Tuesday, February 7, 2012

Daily Motivation 2-7-2012

Tuesday, February 7, 2012
Today's Gift

It is the weak who are cruel. Gentleness can only be expected from the strong.  —Leo Rosten

When we think of strength, do we think of someone who shows no emotion and intimidates others with physical power? True strength is the freedom to show all kinds of feelings. Strong people aren't afraid of being vulnerable. A person who feels insecure may not feel free to show any kind of softness or be able to share gentle feelings. If we have true inner strength, we are not afraid to show what is a part of us, gentle feelings included.

It is wonderful to see a well-conditioned athlete cry tears of joy after a victory. In such an example we can see physical and emotional strength. In our lives together, we will be stronger if we do not try to hide our feelings out of fear. As our feelings flow, we will increase our self-understanding and build our true strength.

Am I strong enough to show how I really feel today?

From Today's Gift: Daily Meditations for Families ©

Twenty-Four Hours a Day
Walk In Dry Places
No man is born into the world whose work is not born with him. --James Russell Lowell
Our Wise Creator has provided each of us, at birth, with the necessary talents and gifts to make a worthwhile contribution to the world. What we make of those gifts and talents is entirely up to us. We can choose to ignore, and thereby destroy, our innate interests and abilities - or we can choose to pursue them, despite our doubts and fears, and enjoy life to the fullest.
If we wish to use our talents and gifts, we must become aware of those activities and interests we enjoy. Then we must make the effort to explore the opportunities and alternatives available to us. If we do not find a place for our interests and abilities in the world around us, we needn't be discouraged. We can create one. Dedication and perseverance have opened many seemingly closed doors.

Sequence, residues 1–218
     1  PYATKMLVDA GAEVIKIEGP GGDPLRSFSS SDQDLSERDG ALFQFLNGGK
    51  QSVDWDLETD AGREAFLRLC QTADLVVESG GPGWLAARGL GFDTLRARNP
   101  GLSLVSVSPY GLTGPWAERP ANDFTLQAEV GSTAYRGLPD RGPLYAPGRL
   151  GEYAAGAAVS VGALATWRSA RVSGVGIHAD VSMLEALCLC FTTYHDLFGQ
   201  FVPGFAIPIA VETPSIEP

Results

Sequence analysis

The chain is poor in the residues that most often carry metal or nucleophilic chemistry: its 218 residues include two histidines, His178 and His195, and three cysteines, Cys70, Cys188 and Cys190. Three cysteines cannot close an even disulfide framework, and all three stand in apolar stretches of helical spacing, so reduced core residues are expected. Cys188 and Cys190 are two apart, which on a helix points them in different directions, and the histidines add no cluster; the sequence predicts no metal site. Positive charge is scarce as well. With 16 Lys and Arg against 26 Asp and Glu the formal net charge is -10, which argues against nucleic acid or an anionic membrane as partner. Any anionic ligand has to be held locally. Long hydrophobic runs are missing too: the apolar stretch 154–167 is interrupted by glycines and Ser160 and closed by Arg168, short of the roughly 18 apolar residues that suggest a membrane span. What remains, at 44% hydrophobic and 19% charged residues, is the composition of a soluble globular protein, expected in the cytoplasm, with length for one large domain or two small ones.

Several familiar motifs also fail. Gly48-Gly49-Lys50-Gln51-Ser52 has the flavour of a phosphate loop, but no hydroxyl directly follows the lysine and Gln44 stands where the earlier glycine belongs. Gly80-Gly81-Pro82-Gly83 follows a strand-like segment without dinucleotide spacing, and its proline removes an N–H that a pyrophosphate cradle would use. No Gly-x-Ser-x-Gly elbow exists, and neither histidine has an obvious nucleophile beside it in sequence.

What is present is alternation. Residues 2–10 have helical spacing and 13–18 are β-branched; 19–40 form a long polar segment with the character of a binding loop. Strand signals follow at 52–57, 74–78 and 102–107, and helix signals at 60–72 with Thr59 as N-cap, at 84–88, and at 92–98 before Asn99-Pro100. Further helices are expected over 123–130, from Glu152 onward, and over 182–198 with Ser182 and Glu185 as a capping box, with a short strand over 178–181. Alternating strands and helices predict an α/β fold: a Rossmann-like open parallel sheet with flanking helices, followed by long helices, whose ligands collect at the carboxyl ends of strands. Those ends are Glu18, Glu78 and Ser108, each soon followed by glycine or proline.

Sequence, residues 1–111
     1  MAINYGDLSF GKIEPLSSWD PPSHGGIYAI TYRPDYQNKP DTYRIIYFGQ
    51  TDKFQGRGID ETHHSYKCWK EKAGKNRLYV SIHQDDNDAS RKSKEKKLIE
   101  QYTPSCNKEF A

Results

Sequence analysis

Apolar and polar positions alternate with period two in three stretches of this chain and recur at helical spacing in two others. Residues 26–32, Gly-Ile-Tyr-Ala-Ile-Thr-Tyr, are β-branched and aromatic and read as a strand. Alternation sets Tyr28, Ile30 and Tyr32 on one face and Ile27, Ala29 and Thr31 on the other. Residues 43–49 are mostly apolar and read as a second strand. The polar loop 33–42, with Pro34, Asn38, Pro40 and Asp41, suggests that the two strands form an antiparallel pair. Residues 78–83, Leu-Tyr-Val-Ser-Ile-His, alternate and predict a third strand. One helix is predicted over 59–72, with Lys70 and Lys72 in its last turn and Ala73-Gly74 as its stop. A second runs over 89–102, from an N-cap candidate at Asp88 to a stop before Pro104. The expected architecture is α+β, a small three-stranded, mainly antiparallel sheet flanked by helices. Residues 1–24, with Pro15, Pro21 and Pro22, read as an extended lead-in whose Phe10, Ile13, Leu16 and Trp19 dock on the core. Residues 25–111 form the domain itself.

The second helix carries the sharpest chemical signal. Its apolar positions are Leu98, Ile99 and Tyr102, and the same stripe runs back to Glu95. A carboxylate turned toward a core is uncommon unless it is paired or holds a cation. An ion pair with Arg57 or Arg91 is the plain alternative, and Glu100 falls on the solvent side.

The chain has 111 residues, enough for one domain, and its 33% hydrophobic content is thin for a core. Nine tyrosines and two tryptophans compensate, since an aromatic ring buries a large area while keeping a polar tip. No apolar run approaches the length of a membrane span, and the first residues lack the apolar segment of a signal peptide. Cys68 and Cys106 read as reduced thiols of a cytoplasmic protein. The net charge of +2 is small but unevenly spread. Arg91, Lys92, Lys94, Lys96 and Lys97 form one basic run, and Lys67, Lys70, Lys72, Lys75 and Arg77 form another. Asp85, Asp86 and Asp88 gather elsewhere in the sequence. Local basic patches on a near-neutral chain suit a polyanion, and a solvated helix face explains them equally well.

Action for the Day: Today I'll aks myself, Am I doing the best with what I've been given? Am I using my capabilities well? If I am not, am I willing to take the necessary action to achieve inner satisfaction?
One Day At A Time
How could I be more aware of those character defects before they surfaced?
Well I have found that through this prayer business!
I have also found that quiet meditation and prayer in a more comfortable position
seems to work just as well—and saves wear and tear on the knees.
I plan to continue the use of prayer in my daily routine.
I am now 73, and for me this is brain flossing at its best.
So to all those doubters out there, may I leave you with this:
“Good things come to those who wait, if they work like hell while they wait.”
- The AA Grapevine, February 2012

Thought to Ponder . . .
The Three "P's" -- Pause, Pray, Proceed.

AA-related 'Alconym' . . .
P U S H =
Pray Until Something Happens.
Daily Motivation

Enjoy the effort

Effort can be complicated, inconvenient, tedious, frustrating and unpleasant. Yet it also can be liberating, enriching, empowering, fascinating and downright enjoyable.

Effort creates value, and is an essential part of life. Though it is not always easy, and sometimes fails to produce the desired results, it is always worth the trouble.

Though effort can often feel like a burden, that’s mostly because you have decided for it to feel that way. The great thing is, you can always choose to feel however you wish to feel about the effort you’re making.

As long as you’re making the effort anyway, you might as well embrace it and get the very most from it. There’s a reason why you’re making the effort, so your best strategy is to treat that effort as an opportunity rather than as a burden.

Yes, it may be complicated, yet that complexity will compel you to learn new and valuable things. Sure, it might be frustrating and tedious, and yet that will build the power of your patience.

Instead of resenting or fighting against the necessity of effort, be thankful that you’re in a position to make that effort, and by so doing to create new value. Choose to enjoy the effort, and you’ll get the greatest possible rewards from whatever you’re doing.

— Ralph Marston

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